November 29, 2018
We are entering into the season of parcels, packages and presents with surprises and secrets inside. The anticipation will build over this Advent season until we arrive at Christmas morning. You may be a mall shopper, an Amazon warrior, or perhaps even a crafty Kris Kringle, but it is hard not to get caught up in this side of the Christmas season. Regardless of whether presents are under the Christmas tree or parcels are arriving on the front doorstep, there is excitement and speculation about what the boxes contain. Gift giving and receiving make us feel special, representing a tangible acknowledgement of the valuable gifts we are to each other.
Here are a few things I try to bear in mind as I give and receive, both literally and figuratively:
Handle your gifts with care.
As tempting as it is to shake a parcel to determine its contents, we all know that there are risks. You might be shaking pyjamas or it could be a delicate electronic device (bought on a final sale…) Just as wrapping paper and carboard hide what is inside, we can unwittingly cause each other damage if we are not careful. Each of us has our fragile parts; it is best to give each gift (and person) the respect deserved and wait until it is ready to be opened.
Gifts must be freely given and graciously received.
However beautiful ribbons are, it is important that we give gifts with no strings attached. To be a true giver, you can’t have any expectations of the person who receives the gift. They may be unwilling or unable to give you something back. At other times, you will receive a surprise gift and have nothing planned in return, and your only option is to simply respond with heartfelt thanks. The Spirit works in mysterious ways, even in those awkward exchanges. Each of us has times when we are called to give and times when we need to receive.
Don’t focus on the wrapping.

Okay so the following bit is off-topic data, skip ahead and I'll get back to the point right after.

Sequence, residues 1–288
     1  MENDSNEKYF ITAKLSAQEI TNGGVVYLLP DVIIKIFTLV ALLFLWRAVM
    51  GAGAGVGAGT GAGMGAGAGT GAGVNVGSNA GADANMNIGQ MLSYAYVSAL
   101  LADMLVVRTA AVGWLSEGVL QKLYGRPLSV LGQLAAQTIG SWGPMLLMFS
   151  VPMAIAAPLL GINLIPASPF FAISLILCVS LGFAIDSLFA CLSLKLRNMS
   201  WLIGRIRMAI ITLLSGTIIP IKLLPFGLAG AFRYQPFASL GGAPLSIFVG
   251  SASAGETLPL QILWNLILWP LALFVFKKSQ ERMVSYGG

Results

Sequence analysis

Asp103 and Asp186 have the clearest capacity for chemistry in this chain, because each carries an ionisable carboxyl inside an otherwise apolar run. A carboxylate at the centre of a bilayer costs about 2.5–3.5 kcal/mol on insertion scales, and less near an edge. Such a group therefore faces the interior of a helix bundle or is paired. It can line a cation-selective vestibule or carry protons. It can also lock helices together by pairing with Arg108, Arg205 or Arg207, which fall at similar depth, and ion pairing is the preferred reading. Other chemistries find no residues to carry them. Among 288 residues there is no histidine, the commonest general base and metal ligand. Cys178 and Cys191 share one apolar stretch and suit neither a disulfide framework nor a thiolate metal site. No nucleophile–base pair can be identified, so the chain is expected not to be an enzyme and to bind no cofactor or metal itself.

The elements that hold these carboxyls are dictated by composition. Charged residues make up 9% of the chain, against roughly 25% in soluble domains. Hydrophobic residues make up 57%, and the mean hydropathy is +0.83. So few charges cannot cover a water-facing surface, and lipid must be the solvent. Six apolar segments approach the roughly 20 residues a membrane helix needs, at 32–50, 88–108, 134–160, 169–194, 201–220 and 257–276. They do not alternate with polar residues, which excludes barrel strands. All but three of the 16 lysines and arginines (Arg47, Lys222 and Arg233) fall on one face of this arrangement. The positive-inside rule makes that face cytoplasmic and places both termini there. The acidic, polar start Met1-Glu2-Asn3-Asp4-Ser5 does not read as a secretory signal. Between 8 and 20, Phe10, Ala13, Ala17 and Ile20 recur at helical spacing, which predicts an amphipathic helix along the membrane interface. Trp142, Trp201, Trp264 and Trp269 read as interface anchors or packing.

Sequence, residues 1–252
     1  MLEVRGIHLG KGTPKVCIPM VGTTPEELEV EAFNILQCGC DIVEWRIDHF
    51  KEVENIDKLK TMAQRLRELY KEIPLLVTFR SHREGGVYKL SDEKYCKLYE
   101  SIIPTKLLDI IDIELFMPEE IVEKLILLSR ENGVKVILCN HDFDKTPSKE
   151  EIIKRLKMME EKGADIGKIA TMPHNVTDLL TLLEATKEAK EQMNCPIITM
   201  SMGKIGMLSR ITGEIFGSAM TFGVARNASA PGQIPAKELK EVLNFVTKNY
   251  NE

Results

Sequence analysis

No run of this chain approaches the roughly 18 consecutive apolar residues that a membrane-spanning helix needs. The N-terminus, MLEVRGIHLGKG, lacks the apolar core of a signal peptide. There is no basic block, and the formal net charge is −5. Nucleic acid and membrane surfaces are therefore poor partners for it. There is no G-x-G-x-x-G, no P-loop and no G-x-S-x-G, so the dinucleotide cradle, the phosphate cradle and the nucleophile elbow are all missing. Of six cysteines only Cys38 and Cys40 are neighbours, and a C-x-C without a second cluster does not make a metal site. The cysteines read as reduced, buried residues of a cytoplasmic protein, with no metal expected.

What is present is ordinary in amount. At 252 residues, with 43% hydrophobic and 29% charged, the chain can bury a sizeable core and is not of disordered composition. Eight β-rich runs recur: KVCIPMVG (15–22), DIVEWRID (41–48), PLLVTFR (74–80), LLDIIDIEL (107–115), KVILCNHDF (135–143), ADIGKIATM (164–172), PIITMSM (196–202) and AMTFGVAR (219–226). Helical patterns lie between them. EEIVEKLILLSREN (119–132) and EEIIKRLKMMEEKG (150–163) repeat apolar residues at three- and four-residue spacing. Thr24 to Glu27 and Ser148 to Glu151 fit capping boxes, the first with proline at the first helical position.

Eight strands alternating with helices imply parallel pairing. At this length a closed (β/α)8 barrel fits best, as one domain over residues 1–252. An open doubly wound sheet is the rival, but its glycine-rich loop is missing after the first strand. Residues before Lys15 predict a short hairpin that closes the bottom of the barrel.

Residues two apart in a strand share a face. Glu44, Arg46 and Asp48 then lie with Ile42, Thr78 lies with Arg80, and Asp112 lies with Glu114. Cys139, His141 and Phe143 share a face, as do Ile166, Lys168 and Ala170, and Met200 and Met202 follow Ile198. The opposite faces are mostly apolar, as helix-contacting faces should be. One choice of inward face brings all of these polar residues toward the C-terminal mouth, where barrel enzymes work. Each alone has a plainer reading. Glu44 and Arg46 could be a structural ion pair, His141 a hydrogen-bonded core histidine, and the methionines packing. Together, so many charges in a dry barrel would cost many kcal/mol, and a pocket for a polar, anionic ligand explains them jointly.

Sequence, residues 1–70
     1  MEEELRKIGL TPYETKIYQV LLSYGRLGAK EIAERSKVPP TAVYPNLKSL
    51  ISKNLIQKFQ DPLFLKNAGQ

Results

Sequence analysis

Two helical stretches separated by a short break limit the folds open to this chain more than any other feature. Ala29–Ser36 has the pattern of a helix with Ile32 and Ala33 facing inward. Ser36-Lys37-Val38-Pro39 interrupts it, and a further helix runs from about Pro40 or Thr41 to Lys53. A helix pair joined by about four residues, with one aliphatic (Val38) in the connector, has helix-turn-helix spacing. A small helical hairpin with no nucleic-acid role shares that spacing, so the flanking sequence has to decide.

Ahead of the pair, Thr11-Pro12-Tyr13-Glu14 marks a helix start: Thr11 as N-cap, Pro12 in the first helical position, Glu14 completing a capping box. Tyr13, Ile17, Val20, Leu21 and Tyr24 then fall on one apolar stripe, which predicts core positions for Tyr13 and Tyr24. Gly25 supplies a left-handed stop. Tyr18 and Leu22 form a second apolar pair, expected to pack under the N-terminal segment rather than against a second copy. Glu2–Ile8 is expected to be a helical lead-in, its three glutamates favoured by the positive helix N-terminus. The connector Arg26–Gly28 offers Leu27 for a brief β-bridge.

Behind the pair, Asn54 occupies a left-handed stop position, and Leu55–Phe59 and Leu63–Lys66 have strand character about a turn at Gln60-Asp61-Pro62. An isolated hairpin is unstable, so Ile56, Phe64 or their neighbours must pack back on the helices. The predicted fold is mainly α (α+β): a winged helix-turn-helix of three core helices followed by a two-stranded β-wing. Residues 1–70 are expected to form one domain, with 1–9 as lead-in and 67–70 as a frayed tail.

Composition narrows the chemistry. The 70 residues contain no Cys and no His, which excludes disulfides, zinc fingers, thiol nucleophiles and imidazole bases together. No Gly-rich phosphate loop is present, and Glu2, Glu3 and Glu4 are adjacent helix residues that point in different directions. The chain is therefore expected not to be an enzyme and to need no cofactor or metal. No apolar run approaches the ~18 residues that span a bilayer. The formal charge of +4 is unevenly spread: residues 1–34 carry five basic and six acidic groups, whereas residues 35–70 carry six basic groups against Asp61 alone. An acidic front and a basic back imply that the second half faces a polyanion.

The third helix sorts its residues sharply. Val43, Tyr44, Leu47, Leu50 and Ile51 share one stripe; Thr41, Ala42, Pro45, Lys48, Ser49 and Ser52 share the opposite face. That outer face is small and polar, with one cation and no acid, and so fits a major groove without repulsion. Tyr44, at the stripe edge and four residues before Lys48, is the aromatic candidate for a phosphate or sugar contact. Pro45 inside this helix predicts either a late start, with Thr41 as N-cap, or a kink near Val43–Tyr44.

We have all heard the maxim don’t judge a book by the cover and it is equally true that one shouldn’t judge a present by its wrappings. The prettiest paper could contain that garish Christmas sweater, while the brown paper package could contain your heart’s delight. Value, whatever the gift, is found deeper inside.
Some of the best gifts are those we didn’t know we needed.
There may have been an occasion when you scratched your head over an odd gift that came your way, wondering what were they thinking, and responding with a befuddled, “Um,… thanks!.” Later the same quirky present may become the one we most value. Time and further reflection can allow us the grace to find gifts in items and circumstances that seem out of place and or even difficult.
As you gather around the tree this season, I hope you consider the extraordinary gifts you have received, in all the wonderful and wacky packages in which they have arrived. Treat them with the care they deserve. Remember, too, that you are gift to others. Allow yourself, with all your own fragility, to be opened to others. It is kind of cliché, but let your presence be your presents. Finally, be thankful for the child in the manger, our greatest gift and guide. In these ways we can truly honour the spirit of gift giving this Christmas.